Big capex spenders get the spoils

19 January

Big capex spenders get the spoils

Companies backed by high yield bonds that will be bigger capex spenders in the coming year are likely to receive a sentiment boost. In particular, energy and metals and mining are set to be sought-after sectors by funds hungry for yield but keen to minimise any potential risks of default.

Indeed, cost-cutting needs last year led many companies to slash capex to preserve cash flow levels—European IG capex in 2020 dropped by a massive 17% year-on-year, with capex plunging furthest in capital goods and energy sectors, according to a Bank of America report. However, industries such as utilities and telecoms kept the faith, and such capex spenders are expected to reap the rewards. Likewise, other companies that embrace capex this year will likely be perceived as better investments by the market. 

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Sector-wise, both energy and metals and mining look enticing to investors on the back of supportive commodity price fundamentals. Leisure and auto names could also recover, while fortunes for airlines depend on lockdowns coming to an end.

Within the energy space, oil and gas credits should offer pockets of value, provided they can survive in a US$45/bbl environment without burning cash. The oil price could also shoot up further after gaining in early January 2021 following Saudi Arabia's surprise decision to cut production. The massive underinvestment in the past five years and a potential pick-up in sector M&A activity, with the new US administration possibly bringing positive policy changes, could be an additional catalyst for an improvement in the commodity prices.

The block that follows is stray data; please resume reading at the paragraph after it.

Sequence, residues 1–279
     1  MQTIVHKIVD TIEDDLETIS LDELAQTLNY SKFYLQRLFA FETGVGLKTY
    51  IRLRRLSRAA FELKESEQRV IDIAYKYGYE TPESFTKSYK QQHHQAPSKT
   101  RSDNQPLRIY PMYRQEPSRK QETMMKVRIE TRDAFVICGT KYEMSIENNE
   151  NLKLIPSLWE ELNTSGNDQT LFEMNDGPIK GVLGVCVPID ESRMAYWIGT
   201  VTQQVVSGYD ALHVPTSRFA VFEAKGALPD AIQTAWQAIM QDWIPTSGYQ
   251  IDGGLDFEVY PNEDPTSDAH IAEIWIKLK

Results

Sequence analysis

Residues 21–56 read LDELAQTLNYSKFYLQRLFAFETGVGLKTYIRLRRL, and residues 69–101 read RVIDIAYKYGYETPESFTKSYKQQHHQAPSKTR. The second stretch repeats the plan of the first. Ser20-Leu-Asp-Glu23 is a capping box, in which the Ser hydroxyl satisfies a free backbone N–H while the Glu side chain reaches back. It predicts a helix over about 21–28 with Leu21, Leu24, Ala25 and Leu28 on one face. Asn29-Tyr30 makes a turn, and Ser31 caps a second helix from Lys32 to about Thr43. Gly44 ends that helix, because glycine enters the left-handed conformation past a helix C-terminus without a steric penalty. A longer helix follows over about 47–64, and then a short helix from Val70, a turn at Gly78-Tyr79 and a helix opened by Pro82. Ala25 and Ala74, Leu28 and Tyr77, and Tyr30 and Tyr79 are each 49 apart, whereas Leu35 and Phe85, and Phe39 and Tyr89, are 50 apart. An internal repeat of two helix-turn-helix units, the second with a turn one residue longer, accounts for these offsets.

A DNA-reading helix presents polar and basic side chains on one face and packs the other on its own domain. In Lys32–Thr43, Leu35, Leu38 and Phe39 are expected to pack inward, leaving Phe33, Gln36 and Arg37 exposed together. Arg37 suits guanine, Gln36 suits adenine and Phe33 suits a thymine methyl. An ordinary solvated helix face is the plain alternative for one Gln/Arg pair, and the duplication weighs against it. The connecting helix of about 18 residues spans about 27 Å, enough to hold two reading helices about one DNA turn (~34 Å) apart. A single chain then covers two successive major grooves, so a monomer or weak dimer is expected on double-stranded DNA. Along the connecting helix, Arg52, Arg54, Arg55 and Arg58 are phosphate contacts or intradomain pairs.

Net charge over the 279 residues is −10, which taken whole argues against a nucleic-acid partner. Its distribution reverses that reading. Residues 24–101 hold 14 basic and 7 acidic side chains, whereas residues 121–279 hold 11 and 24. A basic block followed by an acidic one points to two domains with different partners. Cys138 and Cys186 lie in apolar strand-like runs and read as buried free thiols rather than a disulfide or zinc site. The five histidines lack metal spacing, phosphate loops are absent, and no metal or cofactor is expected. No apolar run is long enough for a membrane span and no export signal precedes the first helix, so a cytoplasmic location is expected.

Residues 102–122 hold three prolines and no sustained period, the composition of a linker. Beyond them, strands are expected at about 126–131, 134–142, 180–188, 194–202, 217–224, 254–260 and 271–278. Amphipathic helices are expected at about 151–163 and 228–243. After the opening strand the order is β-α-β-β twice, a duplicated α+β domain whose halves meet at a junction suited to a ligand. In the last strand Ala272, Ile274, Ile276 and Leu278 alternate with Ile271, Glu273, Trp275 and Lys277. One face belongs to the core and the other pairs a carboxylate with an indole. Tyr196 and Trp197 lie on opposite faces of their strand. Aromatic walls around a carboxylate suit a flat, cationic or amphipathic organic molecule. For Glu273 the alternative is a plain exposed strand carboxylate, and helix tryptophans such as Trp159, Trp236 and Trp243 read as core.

Debutants in demand

The high yield primary market—despite shutting off in March—had a fast revival later in the year. While 2021 new issuance volumes might not be as high as in 2020, when they were favoured by very cheap money, debut issuers are likely to offer more upside than existing names, which should continue to price tighter as macro conditions gradually improve.

High yield issuance kicked-off in the first week of January with German real estate firm Adler Group, which successfully priced a five-year €700 million senior unsecured note at 98.826 to yield 2.125% and an eight-year €800 million senior unsecured note at 98.207 to yield 2.5%.

There could be some heavy weeks of primary upcoming with as much as €10 billion of supply by early February. The expected volume would be inferior to the €15.8 billion printed in January 2020 but above the €9.2 billion average for the past 11 years.